Sunday, April 26, 2015

Salt from Laeso

By Rob Watson

The best story is from the salt processor, a former school teacher: Salt processing was begun in Laeso about 1100 AD when a subsurface source of concentrated brine was discovered there, and discontinued in the late 1600's when all the trees on the island were gone. In the mid 20th century the Danish forest service planted trees on the island. By the 1990s a few citizens decided to revive the old business and began excavating the old salt processing area. They eventually discovered most of the methods used formerly... boil the brine until the salt becomes dry. But the salt was brown and tasted bitter. The school teacher began researching. He found a mine in Germany that used a similar process but got good salt. He went there and watched the process and asked some questions. Turns out, the brine is heated at 80C until 2/3 of the water is gone, then reduce the temperature to 65C... afterwards slowly adding water and removing the salt that precipitates out for 6 days. "By then the remaining solution of water and calcium carbonate is brown and tastes like horse piss." to which our teacher replied "I don't know what horse piss tastes like." (This remaining water is then fully dehydrated and sold as "bath salts" (really!)) The good salt that comes out of the brine is wet and "fluffy" (I think something is being lost in translation on the fluffy part) It is then air dried in woven conical shaped baskets.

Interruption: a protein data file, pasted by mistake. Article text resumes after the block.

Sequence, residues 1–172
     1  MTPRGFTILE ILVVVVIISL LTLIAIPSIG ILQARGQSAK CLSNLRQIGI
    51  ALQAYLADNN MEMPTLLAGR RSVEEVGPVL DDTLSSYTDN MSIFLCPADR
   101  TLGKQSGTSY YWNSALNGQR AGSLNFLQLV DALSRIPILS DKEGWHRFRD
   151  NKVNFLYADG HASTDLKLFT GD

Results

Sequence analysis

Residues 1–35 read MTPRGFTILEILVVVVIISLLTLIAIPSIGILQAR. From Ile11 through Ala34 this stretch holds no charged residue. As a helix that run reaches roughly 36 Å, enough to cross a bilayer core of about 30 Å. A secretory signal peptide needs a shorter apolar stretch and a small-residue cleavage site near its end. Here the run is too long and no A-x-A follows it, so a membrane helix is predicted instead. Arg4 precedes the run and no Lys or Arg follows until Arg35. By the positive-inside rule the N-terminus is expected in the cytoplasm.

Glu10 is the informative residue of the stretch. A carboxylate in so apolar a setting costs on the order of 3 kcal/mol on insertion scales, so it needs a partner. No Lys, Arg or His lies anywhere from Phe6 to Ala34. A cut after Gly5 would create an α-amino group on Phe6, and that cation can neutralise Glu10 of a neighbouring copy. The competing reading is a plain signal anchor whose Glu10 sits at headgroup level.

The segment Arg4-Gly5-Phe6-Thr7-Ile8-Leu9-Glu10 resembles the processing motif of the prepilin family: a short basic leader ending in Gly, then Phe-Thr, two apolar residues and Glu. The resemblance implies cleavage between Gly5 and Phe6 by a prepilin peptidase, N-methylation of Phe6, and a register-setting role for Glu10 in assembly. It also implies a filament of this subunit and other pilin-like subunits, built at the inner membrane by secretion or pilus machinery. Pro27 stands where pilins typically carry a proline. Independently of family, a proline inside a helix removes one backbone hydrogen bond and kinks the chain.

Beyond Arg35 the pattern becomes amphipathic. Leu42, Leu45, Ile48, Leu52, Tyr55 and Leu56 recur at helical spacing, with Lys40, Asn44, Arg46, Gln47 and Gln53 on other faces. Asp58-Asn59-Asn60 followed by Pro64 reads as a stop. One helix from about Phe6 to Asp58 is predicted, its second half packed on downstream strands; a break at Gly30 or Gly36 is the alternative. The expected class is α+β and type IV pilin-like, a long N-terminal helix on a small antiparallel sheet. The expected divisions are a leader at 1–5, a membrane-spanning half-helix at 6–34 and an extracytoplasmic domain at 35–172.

When the trees were all gone, the men of Laeso discovered they could go to their roof tops and spot ship wrecks on the margins of the island... a fine source of building materials and goods if no one survived... and a fine source of rent if any did survive (many homes had extra rooms to rent to survivors.) Records show 10 to twenty wrecks a year were common. On the highest hill in the island is a tower, nearly 30 meters tall, from which you can see anything around the island, except for the trees. Some years after this new source of income was developed, a newcomer to the island thought it would be nice to plant some trees. Mysteriously, the next day all the trees were found uprooted. (when Shirley's father emigrated from the island about 1916 it was still completely devoid of trees and tall bushes.)